Obama's "world tour" got a lot of press. In fact, the complaints that the press went overboard covering his tour probably have some validity.
Still, since he's been criticized for a lack of foreign policy experience, a close scrutiny of his meetings with world leaders undoubtably had some value. And if he'd stumbled, that scrutiny would have been telling.
However, he didn't. At least not to any significant degree.
It said a lot that the Iraqi government endorsed his proposals over those of his opponent, Sen. McCain. And most of the leaders in the Mideast seemed to see him as a breath of fresh air compared to how they have perceived the Bush administration (which is another good reason why McCain really needs to abandon any ties to Bush and become his old, independent, maverick self again).
And Obama's trip to Germany shows that he has become the closest thing to a political rock star this country has seen since at least Reagan, and possibly Kennedy. Two hundred thousand people turned out to hear him speak. That's virtually unheard of. Meanwhile, on the same day, McCain spoke to a couple dozen small businessmen at a German deli here in the states. It just didn't carry the same weight.
And therein lies one of the problems for McCain.
He just doesn't seem to excite anybody. Perhaps more importantly, his reorganization of his campaign staff, adding a lot of the old Bush campaign staffers, may not be helping that much.
He's been a lot more negative since that reorganization, and this year voters seem to be turned off by negative campaigning. They've had enough of nasty politics. McCain won his party's nomination in part because he didn't stoop to those levels. Clinton lost her bid because she did.
McCain's actually got a lot going for him. He's a good, honest, intelligent man who has a proven track record of being able to find compromises that work. But he's allowing himself to be mishandled by his advisors.
He's never going to have the charisma that Obama projects. But he does have a good sense of humor, which isn't being played properly by his handlers (they've made him look pretty dour), and his intelligence isn't being emphasized.
The ex-Bush team has had him trying too hard to play to all audiences (Bush was notorious for telling any audience he met whatever they wanted to hear), and that's made him look both wishy washy and flip floppy, whereas his actual track record in 30 years as a senator is a lot more consistent than most politicians could have accomplished over the same time period.
August is going to be a critical period for both candidates, as they gather for their official coronations at their party's conventions. Both of them will get a "bump" in the polls in the week or so after those conventions. And let's face it, Obama's going to give a heck of an acceptance speech, he's one of the best public speakers in the last half century in this country.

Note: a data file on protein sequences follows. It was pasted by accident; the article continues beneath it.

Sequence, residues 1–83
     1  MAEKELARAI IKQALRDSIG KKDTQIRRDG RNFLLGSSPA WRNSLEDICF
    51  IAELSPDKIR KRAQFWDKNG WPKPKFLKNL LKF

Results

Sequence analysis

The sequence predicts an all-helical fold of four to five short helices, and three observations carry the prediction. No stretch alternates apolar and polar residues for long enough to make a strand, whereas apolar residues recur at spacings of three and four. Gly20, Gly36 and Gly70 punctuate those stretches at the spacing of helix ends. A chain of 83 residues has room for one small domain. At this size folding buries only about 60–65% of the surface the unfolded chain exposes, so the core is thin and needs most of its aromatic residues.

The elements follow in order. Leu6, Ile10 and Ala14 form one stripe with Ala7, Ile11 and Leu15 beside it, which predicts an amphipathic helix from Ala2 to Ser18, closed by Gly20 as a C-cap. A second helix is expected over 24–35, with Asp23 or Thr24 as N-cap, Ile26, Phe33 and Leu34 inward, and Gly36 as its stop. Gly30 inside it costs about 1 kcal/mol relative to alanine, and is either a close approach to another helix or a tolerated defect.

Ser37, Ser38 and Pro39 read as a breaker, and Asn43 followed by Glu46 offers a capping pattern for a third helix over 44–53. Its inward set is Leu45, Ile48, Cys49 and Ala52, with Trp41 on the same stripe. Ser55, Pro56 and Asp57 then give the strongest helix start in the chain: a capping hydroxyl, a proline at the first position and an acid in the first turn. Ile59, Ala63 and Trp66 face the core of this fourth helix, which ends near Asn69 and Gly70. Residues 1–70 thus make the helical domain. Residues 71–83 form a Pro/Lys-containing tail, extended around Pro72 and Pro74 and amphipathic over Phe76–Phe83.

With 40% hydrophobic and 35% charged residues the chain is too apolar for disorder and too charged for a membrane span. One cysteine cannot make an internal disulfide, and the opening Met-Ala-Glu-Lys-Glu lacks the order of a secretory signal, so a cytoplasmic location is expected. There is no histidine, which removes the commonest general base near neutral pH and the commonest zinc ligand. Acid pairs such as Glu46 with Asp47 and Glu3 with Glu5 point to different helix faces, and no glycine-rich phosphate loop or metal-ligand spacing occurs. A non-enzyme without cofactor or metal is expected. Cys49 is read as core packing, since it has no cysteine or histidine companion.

McCain is going to have to be a little more dynamic than he has in the past. But he also needs to ignore his handlers. He needs to step out and become his own man again, and quit trying to be all things to all people.
He needs to use the high visibility of the convention platform to show his intelligent independence and his maverick willingness to find ways to make things work -- the very thing that has earned him so much respect on both sides of the aisle during his years of public service.
And he needs to walk away from any efforts to push him into negative campaigning, which will only backfire.
In many ways, both candidates are rejections of the old status quo within their parties. And that's a good thing, because both parties had become ossified, almost paralyzed with knee-jerk dogmatism. Both of these men have broken the mold and are leading their parties in new directions. One of them will lead this country in a new direction.
Obama has stayed pretty true to who he is, and clearly is the manager of his own campaign. McCain needs to return to being McCain again, and take the reins of his campaign back into his hands. If he can do that, I think he'll make this a much closer race than most people think it's going to be.
If he does that, and both candidates stick to the high road and push their policies rather than sniping at their opponent, then the American people will be well served and well informed by the time November comes around, and thus better able to make the best choice for this nation's future.